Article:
• Jennifer Jewell

BEST OF: LAWNS INTO MEADOWS, REGENERATIVE LANDSCAPES with OWEN WORMSER


FOODSCAPING - with Brie Arthur. Photo courtesy of Brie Arthur, all rights reserved.
 

 

Cultivating Place is proud to receive support from listeners around the world. Thank you for your generosity – you help this program and podcast grow each season! This week we introduce a new section at the end of our weekly interview entitled "Speaking of Plants...and Place". We will look forward to hearing what you think!


Still in the Dog Days of Summer - the heat it hot, the days are long, and garden maintenance in the form of watering, weeding, and perhaps mowing and blowing (especially in the dry and droughty parts of the country right now) might be wearing thin….especially with the relentless watering/mowing/blowing of a thirsty lawn. Maybe you’re re-thinking your lawn? Wanting to water/mow less and see butterflies, hummingbirds and fireflies more?


With just this in mind, this week on CP we revisit a Best of Conversation with Owen Wormser inspiring us to transform our lawns (or some portion of them) into regenerative and lively meadows! Enjoy -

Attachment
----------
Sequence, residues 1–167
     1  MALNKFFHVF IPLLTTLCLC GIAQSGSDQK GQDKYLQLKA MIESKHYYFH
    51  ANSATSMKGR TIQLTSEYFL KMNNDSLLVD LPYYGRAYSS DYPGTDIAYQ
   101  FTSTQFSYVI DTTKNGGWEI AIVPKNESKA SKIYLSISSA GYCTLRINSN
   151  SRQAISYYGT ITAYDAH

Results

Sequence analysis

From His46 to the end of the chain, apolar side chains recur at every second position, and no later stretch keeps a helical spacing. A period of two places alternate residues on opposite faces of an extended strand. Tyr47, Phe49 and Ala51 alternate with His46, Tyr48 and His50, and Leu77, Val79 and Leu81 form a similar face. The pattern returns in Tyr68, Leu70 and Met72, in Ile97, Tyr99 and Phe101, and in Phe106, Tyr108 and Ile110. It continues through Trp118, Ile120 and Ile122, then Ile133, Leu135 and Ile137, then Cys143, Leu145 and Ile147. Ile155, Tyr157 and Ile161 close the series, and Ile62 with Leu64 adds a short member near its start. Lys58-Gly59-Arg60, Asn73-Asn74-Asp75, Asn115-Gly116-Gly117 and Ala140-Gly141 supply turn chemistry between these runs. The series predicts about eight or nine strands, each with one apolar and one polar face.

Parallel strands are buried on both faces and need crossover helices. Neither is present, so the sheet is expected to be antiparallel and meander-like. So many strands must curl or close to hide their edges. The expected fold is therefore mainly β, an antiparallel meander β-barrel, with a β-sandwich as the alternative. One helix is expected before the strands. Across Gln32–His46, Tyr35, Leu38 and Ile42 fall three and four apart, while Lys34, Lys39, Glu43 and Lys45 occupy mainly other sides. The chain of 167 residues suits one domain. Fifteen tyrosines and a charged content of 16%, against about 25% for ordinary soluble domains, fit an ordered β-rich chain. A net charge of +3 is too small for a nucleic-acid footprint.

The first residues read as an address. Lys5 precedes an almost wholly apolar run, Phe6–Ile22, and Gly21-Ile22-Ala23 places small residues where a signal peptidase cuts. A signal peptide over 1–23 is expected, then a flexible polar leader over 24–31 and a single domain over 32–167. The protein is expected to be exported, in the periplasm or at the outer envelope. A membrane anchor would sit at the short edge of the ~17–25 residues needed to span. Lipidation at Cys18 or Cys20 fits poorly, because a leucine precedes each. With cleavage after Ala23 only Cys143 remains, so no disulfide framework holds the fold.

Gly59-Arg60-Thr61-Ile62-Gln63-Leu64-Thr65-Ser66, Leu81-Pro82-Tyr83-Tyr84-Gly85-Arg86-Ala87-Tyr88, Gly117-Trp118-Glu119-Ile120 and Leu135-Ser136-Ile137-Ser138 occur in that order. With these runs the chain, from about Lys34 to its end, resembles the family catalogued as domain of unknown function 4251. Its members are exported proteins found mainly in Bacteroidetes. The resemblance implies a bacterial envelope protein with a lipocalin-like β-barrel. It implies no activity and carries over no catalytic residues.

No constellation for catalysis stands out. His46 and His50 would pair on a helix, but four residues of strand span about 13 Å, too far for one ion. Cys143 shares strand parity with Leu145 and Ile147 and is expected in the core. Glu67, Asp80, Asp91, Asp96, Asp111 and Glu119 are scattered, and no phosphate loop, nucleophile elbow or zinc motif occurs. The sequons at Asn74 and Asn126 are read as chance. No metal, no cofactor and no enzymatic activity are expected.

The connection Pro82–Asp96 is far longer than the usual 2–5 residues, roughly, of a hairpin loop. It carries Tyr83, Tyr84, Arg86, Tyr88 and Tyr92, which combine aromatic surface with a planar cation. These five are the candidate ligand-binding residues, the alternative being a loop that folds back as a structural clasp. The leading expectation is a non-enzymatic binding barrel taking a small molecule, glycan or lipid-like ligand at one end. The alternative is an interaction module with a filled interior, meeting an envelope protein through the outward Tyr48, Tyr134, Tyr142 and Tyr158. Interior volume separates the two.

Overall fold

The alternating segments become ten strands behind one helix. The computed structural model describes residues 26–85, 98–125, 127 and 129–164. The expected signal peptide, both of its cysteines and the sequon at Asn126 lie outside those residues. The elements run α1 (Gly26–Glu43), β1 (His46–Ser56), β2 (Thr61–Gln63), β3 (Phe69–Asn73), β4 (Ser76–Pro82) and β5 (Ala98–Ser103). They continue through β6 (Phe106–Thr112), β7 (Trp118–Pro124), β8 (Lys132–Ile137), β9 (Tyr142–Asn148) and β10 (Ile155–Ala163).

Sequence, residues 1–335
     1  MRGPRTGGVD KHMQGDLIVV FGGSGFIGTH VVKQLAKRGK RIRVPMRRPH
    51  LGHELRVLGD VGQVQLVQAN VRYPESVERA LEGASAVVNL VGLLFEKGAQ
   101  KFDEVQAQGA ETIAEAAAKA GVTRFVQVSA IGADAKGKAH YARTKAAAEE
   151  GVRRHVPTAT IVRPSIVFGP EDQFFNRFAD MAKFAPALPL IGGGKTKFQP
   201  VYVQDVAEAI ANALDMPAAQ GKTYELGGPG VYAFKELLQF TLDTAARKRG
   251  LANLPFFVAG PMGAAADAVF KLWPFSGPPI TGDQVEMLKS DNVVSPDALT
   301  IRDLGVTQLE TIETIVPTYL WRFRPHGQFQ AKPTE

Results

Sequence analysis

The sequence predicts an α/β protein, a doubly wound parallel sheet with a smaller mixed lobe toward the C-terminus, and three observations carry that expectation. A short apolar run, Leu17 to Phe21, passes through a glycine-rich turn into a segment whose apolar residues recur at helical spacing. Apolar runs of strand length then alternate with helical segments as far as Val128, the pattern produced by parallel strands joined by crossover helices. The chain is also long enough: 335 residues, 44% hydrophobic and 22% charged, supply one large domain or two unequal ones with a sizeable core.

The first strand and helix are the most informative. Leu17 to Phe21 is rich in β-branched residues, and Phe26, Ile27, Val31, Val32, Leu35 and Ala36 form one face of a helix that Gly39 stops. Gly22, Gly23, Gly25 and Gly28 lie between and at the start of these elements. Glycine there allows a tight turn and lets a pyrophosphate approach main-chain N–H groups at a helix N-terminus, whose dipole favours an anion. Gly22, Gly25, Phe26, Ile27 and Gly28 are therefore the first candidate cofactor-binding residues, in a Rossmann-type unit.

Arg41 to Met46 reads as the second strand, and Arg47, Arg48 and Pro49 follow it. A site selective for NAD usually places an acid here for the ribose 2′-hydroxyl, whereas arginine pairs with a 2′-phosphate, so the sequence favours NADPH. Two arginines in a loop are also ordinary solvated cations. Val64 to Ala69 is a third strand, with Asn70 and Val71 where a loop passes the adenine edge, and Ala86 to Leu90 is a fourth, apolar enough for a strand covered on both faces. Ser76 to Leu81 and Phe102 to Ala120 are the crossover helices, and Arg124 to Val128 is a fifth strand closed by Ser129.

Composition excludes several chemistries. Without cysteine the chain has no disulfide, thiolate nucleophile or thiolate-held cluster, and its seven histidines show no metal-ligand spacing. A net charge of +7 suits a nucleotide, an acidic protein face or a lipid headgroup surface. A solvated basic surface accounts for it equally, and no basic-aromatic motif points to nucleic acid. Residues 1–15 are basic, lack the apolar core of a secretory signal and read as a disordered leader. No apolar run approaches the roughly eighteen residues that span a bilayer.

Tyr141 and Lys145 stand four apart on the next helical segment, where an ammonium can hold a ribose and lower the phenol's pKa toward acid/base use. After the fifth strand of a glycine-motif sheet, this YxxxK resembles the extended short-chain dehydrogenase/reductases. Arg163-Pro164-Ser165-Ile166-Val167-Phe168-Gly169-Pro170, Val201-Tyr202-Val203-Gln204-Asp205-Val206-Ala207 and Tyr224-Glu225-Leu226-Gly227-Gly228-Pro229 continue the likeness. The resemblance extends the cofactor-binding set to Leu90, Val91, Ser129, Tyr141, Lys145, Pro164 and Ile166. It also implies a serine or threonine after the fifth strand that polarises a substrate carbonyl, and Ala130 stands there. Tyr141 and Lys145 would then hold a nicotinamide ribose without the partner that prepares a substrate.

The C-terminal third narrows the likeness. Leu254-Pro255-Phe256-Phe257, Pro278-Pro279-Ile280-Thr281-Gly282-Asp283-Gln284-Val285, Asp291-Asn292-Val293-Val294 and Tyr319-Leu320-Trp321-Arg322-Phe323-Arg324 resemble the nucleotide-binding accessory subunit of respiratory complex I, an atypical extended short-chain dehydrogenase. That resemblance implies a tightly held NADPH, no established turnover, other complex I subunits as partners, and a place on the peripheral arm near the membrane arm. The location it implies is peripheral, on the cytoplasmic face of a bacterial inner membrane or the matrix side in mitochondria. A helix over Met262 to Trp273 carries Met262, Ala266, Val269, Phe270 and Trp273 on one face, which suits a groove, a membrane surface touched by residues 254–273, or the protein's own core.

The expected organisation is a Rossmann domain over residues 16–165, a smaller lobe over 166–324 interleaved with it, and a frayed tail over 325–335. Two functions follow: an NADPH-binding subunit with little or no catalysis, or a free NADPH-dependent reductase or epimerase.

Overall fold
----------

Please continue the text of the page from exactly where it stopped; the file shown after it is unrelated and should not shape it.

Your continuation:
At a time when our gardens large or small often feel more important than ever, I think our focus on exactly what our gardens contain and consist of is also more important than ever.


In 2021 this episode aired as the second in a three-part celebration of gardens that offer back more than they consume.


Based in Western Massachusetts, Owen Wormser is the founder of Abound Design providing design & consulting for regenerative, sustainability-focused landscapes. He is also the co-founder, with traditional and clinical herbalist Chris Marano, of the non-profit Local Harmony, focused on encouraging and creating community driven regeneration.


Finally, Owen is the author of a new book entitled Lawns into Meadows, Growing a Regenerative Landscape, out now from Stone Pier Press.